Darnall Forum has a team of seven full-time workers, drawn from different faiths and cultures, which I am privileged to lead. We work to help local people find better jobs, new skills and wider opportunities, but also to help the different ethnic and faith communities to see how they can work together to bring about positive change.

The Christians and Muslims who have worked so hard for community cohesion and regeneration in places like Darnall do so because we share a God-given vision of how disadvantage can be overcome. We want to raise the profile of neighbourhoods like Darnall, so that the wider community begins to see them as beacons of hope and signs of God’s Kingdom. The positive developments that happen in places like Darnall prove that difference is a cause for celebration not for fear. Helping the Darnalls of this world to thrive is essential to the salvation of the whole city, the whole nation and the whole world.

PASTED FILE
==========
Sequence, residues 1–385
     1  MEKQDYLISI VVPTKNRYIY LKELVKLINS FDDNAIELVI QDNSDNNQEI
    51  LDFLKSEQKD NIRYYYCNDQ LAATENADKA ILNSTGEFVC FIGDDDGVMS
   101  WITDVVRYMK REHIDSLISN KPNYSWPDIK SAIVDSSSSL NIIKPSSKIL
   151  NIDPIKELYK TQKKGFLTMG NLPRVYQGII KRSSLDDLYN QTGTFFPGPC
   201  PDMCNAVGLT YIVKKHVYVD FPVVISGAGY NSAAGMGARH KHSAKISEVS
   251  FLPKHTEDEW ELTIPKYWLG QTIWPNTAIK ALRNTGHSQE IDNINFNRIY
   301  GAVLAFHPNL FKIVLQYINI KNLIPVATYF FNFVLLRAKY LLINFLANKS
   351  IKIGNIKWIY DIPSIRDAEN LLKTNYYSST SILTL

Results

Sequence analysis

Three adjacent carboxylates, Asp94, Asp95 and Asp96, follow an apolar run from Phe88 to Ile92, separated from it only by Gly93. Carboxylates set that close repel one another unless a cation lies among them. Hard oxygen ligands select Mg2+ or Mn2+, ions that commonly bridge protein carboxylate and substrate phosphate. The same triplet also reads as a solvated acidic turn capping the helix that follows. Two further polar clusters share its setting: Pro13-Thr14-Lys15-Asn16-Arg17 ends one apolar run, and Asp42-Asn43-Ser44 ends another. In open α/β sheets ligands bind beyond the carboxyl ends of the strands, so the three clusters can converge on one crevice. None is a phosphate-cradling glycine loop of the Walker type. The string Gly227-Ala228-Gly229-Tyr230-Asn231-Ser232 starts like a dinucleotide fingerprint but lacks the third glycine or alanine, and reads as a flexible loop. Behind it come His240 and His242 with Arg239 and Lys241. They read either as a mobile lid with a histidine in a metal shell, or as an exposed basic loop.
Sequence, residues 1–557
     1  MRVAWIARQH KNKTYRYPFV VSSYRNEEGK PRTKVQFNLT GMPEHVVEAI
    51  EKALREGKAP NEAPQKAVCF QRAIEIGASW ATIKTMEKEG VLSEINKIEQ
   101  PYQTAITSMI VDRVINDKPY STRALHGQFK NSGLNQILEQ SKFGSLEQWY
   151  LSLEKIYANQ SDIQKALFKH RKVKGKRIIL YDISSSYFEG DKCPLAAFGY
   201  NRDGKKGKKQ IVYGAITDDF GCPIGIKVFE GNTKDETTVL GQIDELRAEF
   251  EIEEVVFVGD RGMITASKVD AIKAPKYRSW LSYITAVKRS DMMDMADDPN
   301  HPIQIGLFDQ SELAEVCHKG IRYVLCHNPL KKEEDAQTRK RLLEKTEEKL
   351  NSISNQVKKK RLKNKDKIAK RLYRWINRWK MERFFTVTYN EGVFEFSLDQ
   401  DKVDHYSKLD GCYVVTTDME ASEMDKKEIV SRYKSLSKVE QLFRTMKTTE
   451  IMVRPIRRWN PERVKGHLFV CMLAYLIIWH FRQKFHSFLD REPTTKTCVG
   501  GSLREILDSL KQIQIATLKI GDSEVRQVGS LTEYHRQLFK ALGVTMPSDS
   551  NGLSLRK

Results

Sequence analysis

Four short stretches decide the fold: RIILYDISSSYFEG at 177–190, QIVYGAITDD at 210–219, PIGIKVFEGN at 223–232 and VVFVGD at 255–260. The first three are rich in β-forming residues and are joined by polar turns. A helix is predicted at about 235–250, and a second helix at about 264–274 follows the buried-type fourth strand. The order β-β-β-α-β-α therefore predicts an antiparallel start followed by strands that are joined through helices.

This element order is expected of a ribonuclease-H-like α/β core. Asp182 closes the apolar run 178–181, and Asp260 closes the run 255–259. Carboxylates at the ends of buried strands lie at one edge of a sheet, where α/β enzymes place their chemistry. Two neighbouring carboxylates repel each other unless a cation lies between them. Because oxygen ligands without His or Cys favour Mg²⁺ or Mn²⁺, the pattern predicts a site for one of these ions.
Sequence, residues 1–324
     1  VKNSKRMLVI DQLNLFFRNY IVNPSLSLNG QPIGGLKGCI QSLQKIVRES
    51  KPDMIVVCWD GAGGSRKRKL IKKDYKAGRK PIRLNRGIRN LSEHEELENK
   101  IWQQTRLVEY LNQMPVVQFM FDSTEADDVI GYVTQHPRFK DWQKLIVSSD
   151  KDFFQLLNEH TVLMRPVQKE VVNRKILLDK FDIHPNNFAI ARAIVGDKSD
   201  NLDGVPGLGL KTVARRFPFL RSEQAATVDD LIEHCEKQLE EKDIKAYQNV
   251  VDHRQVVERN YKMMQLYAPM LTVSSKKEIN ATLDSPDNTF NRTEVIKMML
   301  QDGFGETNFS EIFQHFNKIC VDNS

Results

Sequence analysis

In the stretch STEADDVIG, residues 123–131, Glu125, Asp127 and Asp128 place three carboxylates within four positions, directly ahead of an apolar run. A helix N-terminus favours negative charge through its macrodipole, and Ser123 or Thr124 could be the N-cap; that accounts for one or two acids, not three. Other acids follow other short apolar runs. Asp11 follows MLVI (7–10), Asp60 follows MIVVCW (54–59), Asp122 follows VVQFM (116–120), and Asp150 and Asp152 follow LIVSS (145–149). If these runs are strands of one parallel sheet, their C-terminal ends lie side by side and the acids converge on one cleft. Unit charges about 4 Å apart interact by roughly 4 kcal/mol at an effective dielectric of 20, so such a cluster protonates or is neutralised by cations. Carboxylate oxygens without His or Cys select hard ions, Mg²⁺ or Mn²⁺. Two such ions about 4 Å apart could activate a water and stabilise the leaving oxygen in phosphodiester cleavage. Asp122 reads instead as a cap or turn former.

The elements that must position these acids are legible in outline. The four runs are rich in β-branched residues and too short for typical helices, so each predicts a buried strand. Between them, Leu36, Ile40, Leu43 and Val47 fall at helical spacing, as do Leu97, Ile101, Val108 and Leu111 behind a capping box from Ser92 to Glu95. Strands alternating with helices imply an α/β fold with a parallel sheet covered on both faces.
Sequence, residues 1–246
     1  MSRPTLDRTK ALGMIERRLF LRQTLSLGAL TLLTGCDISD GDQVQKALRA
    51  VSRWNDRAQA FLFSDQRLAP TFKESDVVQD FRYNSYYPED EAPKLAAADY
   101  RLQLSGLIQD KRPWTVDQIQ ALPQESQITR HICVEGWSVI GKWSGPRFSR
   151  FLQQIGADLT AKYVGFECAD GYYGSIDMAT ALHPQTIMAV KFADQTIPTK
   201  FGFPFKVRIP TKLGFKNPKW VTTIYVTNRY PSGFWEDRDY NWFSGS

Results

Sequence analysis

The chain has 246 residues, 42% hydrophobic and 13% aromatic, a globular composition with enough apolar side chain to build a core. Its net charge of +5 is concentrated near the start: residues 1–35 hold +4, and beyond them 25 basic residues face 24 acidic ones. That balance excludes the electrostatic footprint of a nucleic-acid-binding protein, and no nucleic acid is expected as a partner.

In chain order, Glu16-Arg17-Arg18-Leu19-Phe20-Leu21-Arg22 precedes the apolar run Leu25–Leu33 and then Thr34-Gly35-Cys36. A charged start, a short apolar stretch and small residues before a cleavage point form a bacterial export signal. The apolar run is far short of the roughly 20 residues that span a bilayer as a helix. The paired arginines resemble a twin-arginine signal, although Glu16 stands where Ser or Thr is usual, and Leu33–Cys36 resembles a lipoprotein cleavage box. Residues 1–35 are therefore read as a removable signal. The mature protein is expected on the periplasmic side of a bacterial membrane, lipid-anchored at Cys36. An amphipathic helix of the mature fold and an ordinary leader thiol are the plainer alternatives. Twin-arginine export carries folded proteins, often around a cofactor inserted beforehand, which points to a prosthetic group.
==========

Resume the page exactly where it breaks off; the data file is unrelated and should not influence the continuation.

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BBC1’s The Passion – The Denouement

The resurrection of Jesus was portrayed in a surprisingly literal way. At first I was concerned that the risen Jesus seemed to be an Anglo-Saxon blond, whereas the earthly Jewish had looked more Jewish. However, once the disciples had recognised that Jesus was alive he reverted to his original appearance.

 I felt the way the resurrection was depicted could have been more daring. The risen Jesus might have been played by a different actor each time he appeared, or the appearances might have been more enigmatic.